These Are The Best (And Worst) Cities For Veterans In 2017

Transition
World War II veteran 86-year-old Pat Ansbury sells American flags during the Las Vegas Veterans Day Parade Nov. 11, 2010.

Whether you’ve served one or two enlistments or are retiring after a lengthy career, the transition back to civilian life isn’t always easy; and where you live and the current job market in that area can have a big impact.


At least those are the findings of a new study by WalletHub, which compared 100 of the largest U.S. cities based on 17 factors of livability, affordability, and veteran-friendliness.

The end result? Austin, Texas, is your best bet, followed closely by Colorado Springs, Colorado; Virginia Beach, Virginia; Raleigh, North Carolina; and Piano, Texas.

The cities were ranked by employment opportunities, the local economy, and “veteran friendliness,” which took into account the number of vet-run businesses and the expected growth of a city’s veteran population. Finally, the study calculated the number of Veteran Affairs facilities compared to the number of vets, and the quality of care at VA clinics and hospitals.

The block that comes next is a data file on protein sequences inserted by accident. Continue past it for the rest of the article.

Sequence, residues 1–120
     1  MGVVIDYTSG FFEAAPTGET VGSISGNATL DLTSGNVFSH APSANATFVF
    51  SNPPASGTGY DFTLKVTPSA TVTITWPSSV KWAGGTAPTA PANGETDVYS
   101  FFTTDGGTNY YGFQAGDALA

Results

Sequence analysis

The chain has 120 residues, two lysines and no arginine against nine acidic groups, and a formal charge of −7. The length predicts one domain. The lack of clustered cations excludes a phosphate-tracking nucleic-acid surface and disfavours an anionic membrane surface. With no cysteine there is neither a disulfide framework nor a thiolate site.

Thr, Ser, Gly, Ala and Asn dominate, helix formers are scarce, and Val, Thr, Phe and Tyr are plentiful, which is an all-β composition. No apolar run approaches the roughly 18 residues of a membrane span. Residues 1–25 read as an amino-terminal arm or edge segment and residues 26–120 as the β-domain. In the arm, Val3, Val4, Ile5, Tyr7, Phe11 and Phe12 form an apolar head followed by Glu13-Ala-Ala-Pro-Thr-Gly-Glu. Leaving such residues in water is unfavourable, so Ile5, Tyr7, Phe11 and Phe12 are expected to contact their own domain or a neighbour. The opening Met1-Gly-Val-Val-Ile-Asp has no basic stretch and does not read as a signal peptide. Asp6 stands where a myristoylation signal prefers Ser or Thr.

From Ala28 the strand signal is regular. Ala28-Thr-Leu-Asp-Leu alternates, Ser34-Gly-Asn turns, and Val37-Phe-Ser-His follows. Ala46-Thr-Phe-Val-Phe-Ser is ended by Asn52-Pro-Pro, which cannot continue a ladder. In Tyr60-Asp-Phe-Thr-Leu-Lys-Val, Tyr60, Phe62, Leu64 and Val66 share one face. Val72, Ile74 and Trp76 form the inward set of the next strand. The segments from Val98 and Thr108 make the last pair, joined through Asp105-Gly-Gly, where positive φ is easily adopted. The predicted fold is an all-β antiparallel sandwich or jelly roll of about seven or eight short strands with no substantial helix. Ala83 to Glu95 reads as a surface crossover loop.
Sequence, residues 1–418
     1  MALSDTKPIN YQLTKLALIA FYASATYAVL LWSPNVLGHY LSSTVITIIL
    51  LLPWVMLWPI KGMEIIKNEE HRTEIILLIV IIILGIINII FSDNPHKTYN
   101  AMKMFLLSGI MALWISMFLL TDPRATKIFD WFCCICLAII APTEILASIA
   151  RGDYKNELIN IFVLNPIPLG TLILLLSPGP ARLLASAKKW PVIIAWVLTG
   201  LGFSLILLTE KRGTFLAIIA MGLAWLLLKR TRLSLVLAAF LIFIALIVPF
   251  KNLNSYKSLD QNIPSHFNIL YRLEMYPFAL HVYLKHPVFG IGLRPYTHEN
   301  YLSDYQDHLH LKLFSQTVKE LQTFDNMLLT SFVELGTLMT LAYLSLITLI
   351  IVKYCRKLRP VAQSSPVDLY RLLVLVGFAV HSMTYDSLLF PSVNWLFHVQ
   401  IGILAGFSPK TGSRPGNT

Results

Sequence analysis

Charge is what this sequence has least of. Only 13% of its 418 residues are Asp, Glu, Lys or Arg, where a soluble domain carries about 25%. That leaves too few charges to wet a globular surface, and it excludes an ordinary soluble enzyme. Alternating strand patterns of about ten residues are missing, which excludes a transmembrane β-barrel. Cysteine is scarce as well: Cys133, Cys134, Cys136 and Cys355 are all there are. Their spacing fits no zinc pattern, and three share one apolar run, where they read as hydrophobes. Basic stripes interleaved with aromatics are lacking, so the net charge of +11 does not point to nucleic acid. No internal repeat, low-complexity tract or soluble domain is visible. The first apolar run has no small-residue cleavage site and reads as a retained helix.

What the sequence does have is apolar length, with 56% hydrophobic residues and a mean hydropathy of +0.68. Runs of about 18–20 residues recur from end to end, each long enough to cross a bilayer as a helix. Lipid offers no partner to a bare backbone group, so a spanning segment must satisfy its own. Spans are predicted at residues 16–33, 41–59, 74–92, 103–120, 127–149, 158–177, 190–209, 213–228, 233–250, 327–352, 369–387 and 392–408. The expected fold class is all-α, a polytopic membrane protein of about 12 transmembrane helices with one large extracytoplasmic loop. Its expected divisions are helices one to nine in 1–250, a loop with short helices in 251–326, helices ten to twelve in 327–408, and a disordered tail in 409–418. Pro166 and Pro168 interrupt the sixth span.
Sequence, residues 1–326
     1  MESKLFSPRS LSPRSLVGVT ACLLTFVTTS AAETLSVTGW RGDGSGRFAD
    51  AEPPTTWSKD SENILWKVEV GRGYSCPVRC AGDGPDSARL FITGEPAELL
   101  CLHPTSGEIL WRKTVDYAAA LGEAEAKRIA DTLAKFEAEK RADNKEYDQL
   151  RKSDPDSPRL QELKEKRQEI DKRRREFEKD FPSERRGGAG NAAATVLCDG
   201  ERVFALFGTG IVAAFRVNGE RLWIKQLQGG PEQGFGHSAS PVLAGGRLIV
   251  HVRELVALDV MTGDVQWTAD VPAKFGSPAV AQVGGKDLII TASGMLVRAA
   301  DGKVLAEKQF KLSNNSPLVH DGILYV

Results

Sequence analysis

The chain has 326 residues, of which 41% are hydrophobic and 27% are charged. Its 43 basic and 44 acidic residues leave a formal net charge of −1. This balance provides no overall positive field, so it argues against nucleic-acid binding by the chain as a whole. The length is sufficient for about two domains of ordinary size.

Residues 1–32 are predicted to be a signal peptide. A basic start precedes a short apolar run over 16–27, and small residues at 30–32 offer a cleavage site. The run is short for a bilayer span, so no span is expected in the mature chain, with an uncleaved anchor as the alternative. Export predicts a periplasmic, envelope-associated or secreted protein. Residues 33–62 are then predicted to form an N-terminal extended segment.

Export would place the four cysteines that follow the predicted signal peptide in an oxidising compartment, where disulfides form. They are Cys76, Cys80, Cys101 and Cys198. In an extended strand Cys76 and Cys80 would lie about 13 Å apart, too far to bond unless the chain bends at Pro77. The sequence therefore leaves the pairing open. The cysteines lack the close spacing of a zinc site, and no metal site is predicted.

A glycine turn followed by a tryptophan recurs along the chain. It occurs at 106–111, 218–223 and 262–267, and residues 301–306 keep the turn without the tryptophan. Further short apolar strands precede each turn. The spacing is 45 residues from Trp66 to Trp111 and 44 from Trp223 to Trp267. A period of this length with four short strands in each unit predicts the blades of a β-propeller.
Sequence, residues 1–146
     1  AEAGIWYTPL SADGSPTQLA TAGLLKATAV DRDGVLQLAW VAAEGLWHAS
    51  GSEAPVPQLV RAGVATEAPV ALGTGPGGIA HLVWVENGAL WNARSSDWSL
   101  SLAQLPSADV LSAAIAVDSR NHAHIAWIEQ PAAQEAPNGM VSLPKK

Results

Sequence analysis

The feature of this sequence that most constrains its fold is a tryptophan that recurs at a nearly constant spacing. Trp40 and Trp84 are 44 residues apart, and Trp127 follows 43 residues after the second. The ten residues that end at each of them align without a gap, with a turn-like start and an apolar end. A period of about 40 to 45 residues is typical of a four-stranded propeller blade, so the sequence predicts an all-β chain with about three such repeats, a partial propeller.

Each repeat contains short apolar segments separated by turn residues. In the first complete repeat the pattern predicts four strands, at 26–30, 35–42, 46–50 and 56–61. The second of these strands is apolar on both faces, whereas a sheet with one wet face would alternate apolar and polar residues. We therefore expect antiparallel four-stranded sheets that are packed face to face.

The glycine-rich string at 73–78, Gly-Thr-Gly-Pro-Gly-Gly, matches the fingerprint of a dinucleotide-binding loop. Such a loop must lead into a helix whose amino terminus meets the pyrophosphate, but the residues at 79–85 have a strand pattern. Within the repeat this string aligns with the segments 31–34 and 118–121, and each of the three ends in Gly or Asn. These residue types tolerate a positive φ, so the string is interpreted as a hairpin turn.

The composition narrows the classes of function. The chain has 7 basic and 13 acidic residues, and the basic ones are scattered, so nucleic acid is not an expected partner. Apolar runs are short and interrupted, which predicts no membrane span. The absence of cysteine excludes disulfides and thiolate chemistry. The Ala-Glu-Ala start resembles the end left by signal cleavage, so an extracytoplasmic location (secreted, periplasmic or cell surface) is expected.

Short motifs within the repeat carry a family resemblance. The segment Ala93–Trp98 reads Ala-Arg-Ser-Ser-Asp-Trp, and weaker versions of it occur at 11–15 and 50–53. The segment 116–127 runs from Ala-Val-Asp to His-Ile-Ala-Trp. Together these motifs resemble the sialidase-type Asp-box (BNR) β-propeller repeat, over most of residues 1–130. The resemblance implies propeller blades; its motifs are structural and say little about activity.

Related: These States Have The Highest (And Lowest) Enlistment Rates In America »

Based on those same factors, the worst cities for veterans were Detroit, Michigan; Newark, New Jersey; Baltimore, Maryland; Hialeah, Florida; and Memphis, Tennessee. In terms of job’s alone, Newark placed second to last, and Austin placed first — so if you’re on the fence between those two, maybe head down South toward the lone-star state.

Source: WalletHub

For a top-level breakdown of the report, check out the infographic from WalletHub, below.

Infographic via Wallet Hub

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